Re: APOD: M83: The Thousand-Ruby Galaxy (2015 Oct 08)

Post by saturno2 » Thu Oct 08, 2015 2:09 pm

Very interesting

FLPhotoCatcher
Science Officer
Posts: 196
Joined: Wed Jul 18, 2012 6:51 am

Re: APOD: M83: The Thousand-Ruby Galaxy (2015 Oct 08)

Post by FLPhotoCatcher » Fri Oct 09, 2015 6:38 pm

Most galaxies have super massive black holes in their centers, with jets jetting out both sides of them. Does this one have a super massive black hole in it? It doesn't seem to have a jet.
Would a jet from its center have any effect on earth?

User avatar
Chris Peterson
Abominable Snowman
Posts: 15936
Joined: Wed Jan 31, 2007 11:13 pm
Location: Guffey, Colorado, USA

Re: APOD: M83: The Thousand-Ruby Galaxy (2015 Oct 08)

Post by Chris Peterson » Fri Oct 09, 2015 7:12 pm

FLPhotoCatcher wrote:Most galaxies have super massive black holes in their centers, with jets jetting out both sides of them. Does this one have a super massive black hole in it? It doesn't seem to have a jet.
Would a jet from its center have any effect on earth?
Most galaxies have central black holes, but only a small percentage are active at any time- jets are the exception, not the rule.

M83 is famous for having a double nucleus, attributed to a lopsided distribution of stars around a central supermassive black hole. (It might also have a pair of supermassive black holes, but that isn't the general consensus.)

In any case, there's nothing that can happen in another galaxy that would have any significant impact on Earth. That requires something quite close, inside our own galaxy.
Chris

*****************************************
Chris L Peterson
Cloudbait Observatory
http://www.cloudbait.com

User avatar
neufer
Vacationer at Tralfamadore
Posts: 18070
Joined: Mon Jan 21, 2008 1:57 pm
Location: Alexandria, Virginia

Re: APOD: M83: The Thousand-Ruby Galaxy (2015 Oct 08)

Post by neufer » Sun Oct 11, 2015 5:37 pm

Chris Peterson wrote:
there's nothing that can happen in another galaxy that would have any significant impact on Earth.
That requires something quite close, inside our own galaxy.
  • Which is not to say that every galaxy gets along with all it's neighbors:
http://chandra.harvard.edu/photo/2007/3c321/ wrote: <<This composite image shows the jet from a black hole at the center of a galaxy striking the edge of another galaxy, the first time such an interaction has been found. In the image, data from several wavelengths have been combined. X-rays from Chandra (colored purple), optical and ultraviolet (UV) data from Hubble (red and orange), and radio emission from the Very Large Array (VLA) and MERLIN (blue) show how the jet from the main galaxy on the lower left is striking its companion galaxy to the upper right. The jet impacts the companion galaxy at its edge and is then disrupted and deflected, much like how a stream of water from a hose will splay out after hitting a wall at an angle.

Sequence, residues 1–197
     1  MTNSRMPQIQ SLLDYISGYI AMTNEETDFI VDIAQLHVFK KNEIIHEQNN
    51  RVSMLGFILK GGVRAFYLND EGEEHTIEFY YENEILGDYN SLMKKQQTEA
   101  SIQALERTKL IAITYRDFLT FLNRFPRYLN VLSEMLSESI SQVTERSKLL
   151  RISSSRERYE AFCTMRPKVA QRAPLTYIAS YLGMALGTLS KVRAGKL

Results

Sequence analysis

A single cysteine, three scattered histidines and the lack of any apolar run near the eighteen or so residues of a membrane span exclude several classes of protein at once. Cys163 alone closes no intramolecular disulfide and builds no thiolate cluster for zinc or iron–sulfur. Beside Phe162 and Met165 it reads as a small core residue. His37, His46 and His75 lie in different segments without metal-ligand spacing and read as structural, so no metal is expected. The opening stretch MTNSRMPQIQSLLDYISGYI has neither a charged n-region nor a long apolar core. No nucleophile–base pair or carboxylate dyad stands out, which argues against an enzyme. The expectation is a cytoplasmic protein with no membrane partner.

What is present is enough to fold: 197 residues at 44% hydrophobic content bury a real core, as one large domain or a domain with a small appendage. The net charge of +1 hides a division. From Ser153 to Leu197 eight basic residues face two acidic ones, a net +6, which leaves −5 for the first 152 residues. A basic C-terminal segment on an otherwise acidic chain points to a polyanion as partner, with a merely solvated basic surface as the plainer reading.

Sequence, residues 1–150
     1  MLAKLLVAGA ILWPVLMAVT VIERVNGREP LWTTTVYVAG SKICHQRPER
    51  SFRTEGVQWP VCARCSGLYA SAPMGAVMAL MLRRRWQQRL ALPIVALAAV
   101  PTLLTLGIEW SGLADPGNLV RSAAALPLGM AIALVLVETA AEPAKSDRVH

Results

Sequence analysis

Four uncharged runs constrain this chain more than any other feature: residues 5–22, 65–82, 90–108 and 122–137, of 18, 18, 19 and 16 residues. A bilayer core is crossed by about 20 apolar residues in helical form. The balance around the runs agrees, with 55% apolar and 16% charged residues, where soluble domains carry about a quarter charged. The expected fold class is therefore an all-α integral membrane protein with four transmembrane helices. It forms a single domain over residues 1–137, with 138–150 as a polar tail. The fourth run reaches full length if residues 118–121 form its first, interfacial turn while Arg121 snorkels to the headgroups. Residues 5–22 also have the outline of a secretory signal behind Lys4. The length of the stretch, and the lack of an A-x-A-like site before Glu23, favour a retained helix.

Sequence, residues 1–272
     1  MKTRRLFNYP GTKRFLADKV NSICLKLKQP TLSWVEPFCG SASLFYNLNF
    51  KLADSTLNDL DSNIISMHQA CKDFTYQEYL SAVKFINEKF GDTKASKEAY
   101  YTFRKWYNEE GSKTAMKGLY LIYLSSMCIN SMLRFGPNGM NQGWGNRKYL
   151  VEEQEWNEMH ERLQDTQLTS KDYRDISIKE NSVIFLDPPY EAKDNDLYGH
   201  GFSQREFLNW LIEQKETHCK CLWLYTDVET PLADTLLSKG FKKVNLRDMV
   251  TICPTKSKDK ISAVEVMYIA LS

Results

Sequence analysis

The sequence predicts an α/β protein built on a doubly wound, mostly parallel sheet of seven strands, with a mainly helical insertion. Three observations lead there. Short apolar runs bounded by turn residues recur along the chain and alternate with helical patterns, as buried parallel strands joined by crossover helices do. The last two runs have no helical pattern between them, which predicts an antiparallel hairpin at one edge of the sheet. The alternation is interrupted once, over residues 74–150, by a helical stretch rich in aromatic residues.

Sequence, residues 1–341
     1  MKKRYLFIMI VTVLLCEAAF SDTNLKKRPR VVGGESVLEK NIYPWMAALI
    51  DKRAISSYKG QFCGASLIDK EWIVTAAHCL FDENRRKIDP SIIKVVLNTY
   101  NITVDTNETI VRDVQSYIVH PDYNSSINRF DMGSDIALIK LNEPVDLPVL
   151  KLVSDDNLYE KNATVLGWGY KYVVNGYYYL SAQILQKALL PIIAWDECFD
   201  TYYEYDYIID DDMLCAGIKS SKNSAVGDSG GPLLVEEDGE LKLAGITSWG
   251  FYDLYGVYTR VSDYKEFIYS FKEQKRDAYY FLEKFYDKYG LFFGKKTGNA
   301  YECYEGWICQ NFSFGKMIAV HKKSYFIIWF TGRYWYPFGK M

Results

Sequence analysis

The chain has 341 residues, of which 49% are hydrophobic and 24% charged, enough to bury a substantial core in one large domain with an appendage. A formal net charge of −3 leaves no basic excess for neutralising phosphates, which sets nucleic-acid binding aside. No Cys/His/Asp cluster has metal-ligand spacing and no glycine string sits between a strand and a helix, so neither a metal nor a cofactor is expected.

Each wavelength shows a different aspect of this system, known as 3C321. The Chandra X-ray image provides evidence that each galaxy contains a rapidly growing supermassive black hole at its center. Hubble's optical light images (orange) show the glow from the stars in each galaxy. A bright spot in the VLA and MERLIN radio image shows where the jet has struck the side of the galaxy - about 20,000 light years from the main galaxy - dissipating some of its energy. An even larger "hotspot" of radio emission detected by VLA (seen in an image with a much larger field-of-view) reveals that the jet terminates much farther away from the galaxy, at a distance of about 850,000 light years away. The Hubble UV image shows large quantities of warm and hot gas in the vicinity of the galaxies, indicating the supermassive black holes in both galaxies have had a violent past. Faint emission from Chandra, Hubble and Spitzer, not shown in this image, indicate that the galaxies are orbiting in a clockwise direction, implying that the companion galaxy is swinging into the path of the jet.

Since the Chandra data shows that particle acceleration is still occurring in this hotspot, the jet must have struck the companion galaxy relatively recently, less than about a million years ago (i.e. less than the light travel time to the hotspot). This relatively short cosmic time frame makes this event a very rare phenomenon.

This "death star galaxy" will produce large amounts of high-energy radiation, which may cause severe damage to the atmospheres of any planets in the companion galaxy that lie in the path of the jet. From the Earth we look down the barrel of jets from supermassive black holes, however these so-called "blazars" are at much safer distances of millions or billions of light years.>>
Art Neuendorffer

User avatar
Ann
4725 Å
Posts: 11375
Joined: Sat May 29, 2010 5:33 am

Re: APOD: M83: The Thousand-Ruby Galaxy (2015 Oct 08)

Post by Ann » Sun Oct 11, 2015 6:50 pm

Like you said, Art.
3C 321 is the kind of galactic super-bully that you wouldn't want for a neighbour!!! :shock: :o

Ann
Color Commentator